The Battalion. (College Station, Tex.) 1893-current, March 13, 1969, Image 2
by Jim Earle
At The Movies
by Mike Plake
“If we win th’ NCAA championship I don’t think I can
stand living with my present roommate!”
Students here will have a golden opportunity to
influence Texas government Monday. The Student Senate’s
referendum on the proposed lowering of the voting age (for
details, see page 1) will be strongly reflected in Senate
President Bill Carter’s testimony before the Legislature
Tuesday. As the representative of one of the state’s largest
student bodies, he is one of several student leaders who have
been asked to help give legislators a grass-roots view of the
The Student Senate, of course, has already indicated its
support for the proposed constitutional amendment. But
their vote was taken without prior knowledge by the
students, and this factor surely would have weakened Carter’s
influence with skeptical legislators. The subsequent decision
to take the student-opinion poll was, to say the least, a step
in the right direction.
But it was only the first step. The outcome of Monday’s
vote will quite likely be taken as A&M’s mandate for either
change or continuation of the 21-year age limit. The
Battalion happens to agree with Senators who feel that limit
is obsolete today and that a more reasonable standard can
and should be set. But it is your view that will be the
ultimate criterion. If it agrees with that of the Senators, it
will, of course, strengthen their statement; if not, it must
certainly overrule it.
You can make that view known Monday. Don’t miss the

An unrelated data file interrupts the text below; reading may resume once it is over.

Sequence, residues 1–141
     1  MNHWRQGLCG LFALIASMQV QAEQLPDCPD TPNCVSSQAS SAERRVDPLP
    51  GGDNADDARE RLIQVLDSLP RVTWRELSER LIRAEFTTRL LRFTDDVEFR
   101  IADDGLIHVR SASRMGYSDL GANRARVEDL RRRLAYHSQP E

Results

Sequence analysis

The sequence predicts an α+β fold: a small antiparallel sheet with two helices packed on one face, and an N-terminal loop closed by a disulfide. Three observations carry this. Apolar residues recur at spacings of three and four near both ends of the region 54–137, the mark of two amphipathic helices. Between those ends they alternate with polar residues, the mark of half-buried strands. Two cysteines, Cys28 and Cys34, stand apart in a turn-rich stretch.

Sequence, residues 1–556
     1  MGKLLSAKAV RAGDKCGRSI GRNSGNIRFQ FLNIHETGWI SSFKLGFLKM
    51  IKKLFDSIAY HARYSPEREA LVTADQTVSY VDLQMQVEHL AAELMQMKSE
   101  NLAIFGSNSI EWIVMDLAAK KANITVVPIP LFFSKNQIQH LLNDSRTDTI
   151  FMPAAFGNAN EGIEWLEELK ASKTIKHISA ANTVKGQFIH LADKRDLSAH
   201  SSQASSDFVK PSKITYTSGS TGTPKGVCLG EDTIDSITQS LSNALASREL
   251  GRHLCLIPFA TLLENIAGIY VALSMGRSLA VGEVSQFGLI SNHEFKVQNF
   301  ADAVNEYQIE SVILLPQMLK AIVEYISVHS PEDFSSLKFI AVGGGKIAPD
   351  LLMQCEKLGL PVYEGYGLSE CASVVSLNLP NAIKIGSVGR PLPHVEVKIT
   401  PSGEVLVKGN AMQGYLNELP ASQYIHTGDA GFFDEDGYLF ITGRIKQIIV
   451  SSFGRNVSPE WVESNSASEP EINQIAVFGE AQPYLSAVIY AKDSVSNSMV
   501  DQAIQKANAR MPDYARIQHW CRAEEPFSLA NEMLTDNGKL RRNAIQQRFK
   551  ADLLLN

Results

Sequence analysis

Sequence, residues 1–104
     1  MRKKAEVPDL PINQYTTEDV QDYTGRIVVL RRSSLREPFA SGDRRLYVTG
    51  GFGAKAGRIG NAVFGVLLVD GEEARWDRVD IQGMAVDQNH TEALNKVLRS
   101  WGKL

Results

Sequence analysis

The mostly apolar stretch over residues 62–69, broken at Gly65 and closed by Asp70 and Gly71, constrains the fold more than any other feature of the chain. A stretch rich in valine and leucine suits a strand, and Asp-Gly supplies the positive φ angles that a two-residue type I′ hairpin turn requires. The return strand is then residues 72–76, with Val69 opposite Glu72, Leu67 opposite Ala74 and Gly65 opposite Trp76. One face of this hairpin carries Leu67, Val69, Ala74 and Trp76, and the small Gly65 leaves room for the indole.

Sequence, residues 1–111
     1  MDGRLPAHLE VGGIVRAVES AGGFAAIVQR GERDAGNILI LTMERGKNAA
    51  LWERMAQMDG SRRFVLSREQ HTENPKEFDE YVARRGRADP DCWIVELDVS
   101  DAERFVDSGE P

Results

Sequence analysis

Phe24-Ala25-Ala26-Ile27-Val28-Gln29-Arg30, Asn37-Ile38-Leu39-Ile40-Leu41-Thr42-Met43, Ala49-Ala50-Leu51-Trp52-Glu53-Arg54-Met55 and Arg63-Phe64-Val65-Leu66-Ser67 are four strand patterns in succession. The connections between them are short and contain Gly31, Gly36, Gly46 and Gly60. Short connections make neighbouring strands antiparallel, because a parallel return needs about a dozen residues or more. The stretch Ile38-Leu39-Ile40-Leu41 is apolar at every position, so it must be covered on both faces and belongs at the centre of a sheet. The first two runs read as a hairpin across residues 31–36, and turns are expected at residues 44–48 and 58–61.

is a National General Corporation
movie. It stars a grizzled Elvis
Presley in one of his few dra
matic roles. He sings no songs
but the introductory one.
It flies like a one-winged bird;
it never leaves the ground.
Its main faults are faulty cast
ing and a script that reads like
an abridged adult comic book.
Here is Elvis, back from a
crummy attempt at shedding his
blue-suede shell of stardom, com
ing on like gangbusters in an at
tempt to prove that he can play
it straight. He’s backed by the
same motion picture company
that produced a fine Western we
saw not long ago—“The Stalking
Moon” with Gregory Peck.
BUT THIS time the casting
director must have gone on strike.
Victor French plays Vince, the
baddest of the bad guys. Not only
is he unconvincing as a bad guy,
he’s unconvincing as anything.
Solomon Sturges plays Vince’s
idiot brother, or tries; the fact
is, he overplays the part and
screams it to death. He is, in this
part, supremely lousy.
Ina Balin is the Girl Tracy.
She is ex-lover of Jess Wade,
alias Charro (alias Elvis). Her
performance ranks high among
those in thte flick, and it’s still
The plot: Charro is branded
and blamed for stealing a solid
gold, brass-plated cannon from
the Mexican government. The
cannon is a shrine of Mexican lib
erty, and the Mexican federales
are after the villains what gone
and stole it.
IT SO happened that Charro
had broken with the gang and
with Boss Vince just before they
hoisted the fieldpiece. But Vince
is seeking revenge; nobody, in
cluding Jess Wade, can break
from his gang of nuts and get
away with it.
The Mexican’s only clue to the
hoodlums who stole their shrine
is a man with a bullet burn on
the side of his neck.
So Vince and the nuts capture
Aggie Wives Bridge Club in
vites all Aggie wives to bring
their husbands to play bridge at
7:30 p.m. in the Lone Star Gas
Blue Flame Room. For reserva
tions or information call 846-4974
or 846-5020. Admission is $1.50